Qaddafi's forces encircle last city before rebel capital
According to rebels, Qaddafi's forces now control two of the three exits from the city leading into rebel territory from Ajdabiya and are attacking densely populated civilian areas, including a hospital.
The rebel-held Libyan city of Ajdabiya has come under a withering rocket and warplane assault from Muammar Qaddafi’s forces as leaders of the stalled revolution continued to plead for an international no-fly zone. Mr. Qaddafi's son boasted that the revolt would soon be crushed.Skip to next paragraph
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According to rebel information, Qaddafi's forces appear to be encircling the city and attempting to squeeze the rebels inside – a strategy that is being bolstered by tanks on the ground and could significantly increase the civilian toll and cut off rebel supply lines.
In Benghazi, the de facto rebel capital 90 miles away, supporters of the uprising are afraid that their city of 1 million could well be next. United Nations Secretary-General Ban Ki-moon released a statement today warning of an impending assault on Benghazi, and said such action “would massively place civilian lives at risk.”
“We’re being killed, our families slaughtered,” says Zaid, a man who says he’s been advising the rebels on desert warfare and didn’t want his full name used. “The international community is just watching, like it usually does. Somalia, Palestine, Libya, it makes no difference to them.”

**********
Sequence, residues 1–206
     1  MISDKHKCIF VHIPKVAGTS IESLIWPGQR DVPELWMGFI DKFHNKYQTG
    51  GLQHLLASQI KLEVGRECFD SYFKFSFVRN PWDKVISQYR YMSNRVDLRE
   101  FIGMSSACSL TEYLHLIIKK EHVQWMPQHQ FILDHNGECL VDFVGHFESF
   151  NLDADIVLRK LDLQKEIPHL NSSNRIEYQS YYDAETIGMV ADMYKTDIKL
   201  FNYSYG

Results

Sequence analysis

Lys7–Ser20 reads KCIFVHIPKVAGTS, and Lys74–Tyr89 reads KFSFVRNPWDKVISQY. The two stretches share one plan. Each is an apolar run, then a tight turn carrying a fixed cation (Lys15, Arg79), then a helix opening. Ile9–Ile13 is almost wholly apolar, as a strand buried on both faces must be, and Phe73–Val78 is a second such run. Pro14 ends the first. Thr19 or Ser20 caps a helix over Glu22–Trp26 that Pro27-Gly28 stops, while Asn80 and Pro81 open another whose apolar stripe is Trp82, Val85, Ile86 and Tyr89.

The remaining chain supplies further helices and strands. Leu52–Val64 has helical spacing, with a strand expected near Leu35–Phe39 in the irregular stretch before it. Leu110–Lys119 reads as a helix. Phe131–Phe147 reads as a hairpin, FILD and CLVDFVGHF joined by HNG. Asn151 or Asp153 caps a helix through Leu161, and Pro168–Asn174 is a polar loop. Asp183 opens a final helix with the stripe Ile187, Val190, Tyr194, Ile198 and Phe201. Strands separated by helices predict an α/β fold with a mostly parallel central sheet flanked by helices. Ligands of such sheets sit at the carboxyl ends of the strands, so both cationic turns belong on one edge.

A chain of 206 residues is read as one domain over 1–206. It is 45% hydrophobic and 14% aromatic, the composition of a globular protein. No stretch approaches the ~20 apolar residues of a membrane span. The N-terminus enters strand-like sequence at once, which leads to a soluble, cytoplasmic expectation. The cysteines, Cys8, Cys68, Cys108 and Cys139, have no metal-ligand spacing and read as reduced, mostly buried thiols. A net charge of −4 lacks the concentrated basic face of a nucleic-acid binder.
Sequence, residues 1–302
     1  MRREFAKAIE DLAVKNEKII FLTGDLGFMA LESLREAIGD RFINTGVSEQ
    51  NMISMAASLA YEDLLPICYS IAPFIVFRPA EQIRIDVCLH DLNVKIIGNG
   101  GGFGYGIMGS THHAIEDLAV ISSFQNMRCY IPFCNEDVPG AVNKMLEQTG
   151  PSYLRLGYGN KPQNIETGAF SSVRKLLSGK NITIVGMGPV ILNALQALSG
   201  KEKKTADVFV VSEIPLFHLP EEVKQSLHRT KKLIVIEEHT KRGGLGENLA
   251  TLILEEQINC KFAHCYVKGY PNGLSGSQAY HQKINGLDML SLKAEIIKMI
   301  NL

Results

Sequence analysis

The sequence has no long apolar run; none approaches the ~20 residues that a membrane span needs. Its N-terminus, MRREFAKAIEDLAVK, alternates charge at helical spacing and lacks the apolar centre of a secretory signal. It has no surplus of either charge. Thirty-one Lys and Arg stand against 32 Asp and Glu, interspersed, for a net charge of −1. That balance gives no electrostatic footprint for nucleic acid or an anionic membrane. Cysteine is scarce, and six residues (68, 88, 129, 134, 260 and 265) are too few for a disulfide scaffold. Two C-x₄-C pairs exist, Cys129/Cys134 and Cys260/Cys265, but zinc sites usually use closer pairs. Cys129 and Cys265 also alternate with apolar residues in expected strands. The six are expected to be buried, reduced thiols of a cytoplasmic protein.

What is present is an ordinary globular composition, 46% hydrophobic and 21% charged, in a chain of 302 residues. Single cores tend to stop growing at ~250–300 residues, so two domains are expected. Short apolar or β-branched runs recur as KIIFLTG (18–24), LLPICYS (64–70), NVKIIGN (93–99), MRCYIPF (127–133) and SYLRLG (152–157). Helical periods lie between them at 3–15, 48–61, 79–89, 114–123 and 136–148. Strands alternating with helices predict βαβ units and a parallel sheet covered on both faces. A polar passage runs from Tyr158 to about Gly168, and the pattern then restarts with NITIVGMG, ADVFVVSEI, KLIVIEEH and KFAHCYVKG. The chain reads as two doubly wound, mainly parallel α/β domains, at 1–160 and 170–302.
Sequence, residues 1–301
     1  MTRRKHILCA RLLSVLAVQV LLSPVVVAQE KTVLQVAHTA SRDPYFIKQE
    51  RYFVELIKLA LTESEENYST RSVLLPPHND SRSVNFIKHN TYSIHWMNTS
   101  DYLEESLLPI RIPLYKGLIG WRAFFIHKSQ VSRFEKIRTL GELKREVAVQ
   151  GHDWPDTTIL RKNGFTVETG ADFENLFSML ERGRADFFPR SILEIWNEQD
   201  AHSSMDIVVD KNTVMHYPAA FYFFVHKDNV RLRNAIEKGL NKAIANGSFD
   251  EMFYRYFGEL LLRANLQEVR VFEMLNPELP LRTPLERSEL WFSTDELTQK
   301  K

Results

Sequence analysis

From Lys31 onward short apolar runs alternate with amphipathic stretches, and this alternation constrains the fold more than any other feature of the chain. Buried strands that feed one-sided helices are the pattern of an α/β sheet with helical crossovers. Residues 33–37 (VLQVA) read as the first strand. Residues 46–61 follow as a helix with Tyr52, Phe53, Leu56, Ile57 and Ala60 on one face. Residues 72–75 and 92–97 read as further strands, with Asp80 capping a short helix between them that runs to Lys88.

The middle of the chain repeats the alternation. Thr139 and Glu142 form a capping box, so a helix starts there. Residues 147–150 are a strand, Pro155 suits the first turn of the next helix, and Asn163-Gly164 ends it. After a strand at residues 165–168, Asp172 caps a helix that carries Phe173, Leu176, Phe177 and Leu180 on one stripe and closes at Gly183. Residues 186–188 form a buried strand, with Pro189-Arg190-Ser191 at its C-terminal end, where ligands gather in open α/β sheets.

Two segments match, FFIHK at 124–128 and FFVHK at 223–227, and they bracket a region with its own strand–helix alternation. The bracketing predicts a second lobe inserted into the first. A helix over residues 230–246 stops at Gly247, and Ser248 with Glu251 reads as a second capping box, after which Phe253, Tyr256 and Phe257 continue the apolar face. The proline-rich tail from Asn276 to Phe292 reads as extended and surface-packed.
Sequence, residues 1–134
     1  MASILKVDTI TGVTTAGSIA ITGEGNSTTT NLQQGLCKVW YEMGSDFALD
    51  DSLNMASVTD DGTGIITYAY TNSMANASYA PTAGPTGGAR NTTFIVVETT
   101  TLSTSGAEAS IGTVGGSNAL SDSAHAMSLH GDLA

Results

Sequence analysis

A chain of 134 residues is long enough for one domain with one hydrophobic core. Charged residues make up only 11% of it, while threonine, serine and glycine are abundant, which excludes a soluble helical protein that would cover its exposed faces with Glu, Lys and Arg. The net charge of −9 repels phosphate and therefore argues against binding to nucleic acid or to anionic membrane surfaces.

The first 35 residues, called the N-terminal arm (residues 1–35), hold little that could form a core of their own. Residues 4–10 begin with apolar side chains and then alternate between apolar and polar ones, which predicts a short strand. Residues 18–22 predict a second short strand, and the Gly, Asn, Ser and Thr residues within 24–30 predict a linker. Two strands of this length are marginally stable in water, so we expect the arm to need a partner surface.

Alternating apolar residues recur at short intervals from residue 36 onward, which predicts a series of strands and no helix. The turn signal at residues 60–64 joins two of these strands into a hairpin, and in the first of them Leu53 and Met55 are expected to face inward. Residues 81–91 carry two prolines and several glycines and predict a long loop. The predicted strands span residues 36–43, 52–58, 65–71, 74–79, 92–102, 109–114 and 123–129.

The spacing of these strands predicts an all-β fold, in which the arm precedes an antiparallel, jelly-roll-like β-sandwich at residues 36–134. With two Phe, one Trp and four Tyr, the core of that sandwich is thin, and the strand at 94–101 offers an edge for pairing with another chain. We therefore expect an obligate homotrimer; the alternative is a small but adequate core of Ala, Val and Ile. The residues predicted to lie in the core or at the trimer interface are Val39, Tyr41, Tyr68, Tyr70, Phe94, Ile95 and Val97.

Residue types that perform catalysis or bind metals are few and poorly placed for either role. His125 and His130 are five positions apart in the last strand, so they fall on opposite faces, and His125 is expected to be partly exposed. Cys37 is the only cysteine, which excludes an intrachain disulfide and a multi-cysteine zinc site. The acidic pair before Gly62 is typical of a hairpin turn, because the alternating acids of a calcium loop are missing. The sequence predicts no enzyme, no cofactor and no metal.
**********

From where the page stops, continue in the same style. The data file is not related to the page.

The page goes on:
There were hints that all of this could prompt foreign countries, which have avoided direct action until now, to intervene. French President Nicolas Sarkozy pushed for the UN Security Council to declare a no-fly zone to protect the rebels, and US Secretary of State Hillary Clinton implied the US is not opposed to the use of force to stop Qaddafi.
“Many different actions are being considered, yes, a no-fly zone, but others as well to enable the protection of Libyan citizens against their own leader, who seems determined to turn the clock back and kill as many of them as possible,” she told reporters in Cairo.
Saif al-Islam Qaddafi, the dictator's eldest son who acts as a regime mouthpiece, sought to project an aura of inevitable victory for his father. He told the Euronews television channel today that "in 48 hours everything will be over. Whatever decision is taken [by the international community], it will be too late."
He also said Qaddafi's military was "close to Benghazi." There were no signs of Qaddafi's forces on the ground anywhere near Benghazi today, however.
Two main entrances to city in Qaddafi's hands
In the past week, Qaddafi has subjected the western towns of Misratah and Zawiyah to tank and mortar fire, killing dozens of civilians along with rebel fighters. In addition, Qaddafi shelled Misratah repeatedly today, leaving 11 dead.
Now Qaddafi seems to be applying a similar combination of tactics to Ajdabiya, a city of about 100,000.
Yesterday, his rockets and planes pounded rebel positions to the west of the city for hours. By late afternoon, Qaddafi moved in ground troops and tanks, witnesses said. Residents said the power was cut last night and was still off as of early evening today.
Overnight, rebels managed to counterattack, and their spokesmen said they held the center of the city today.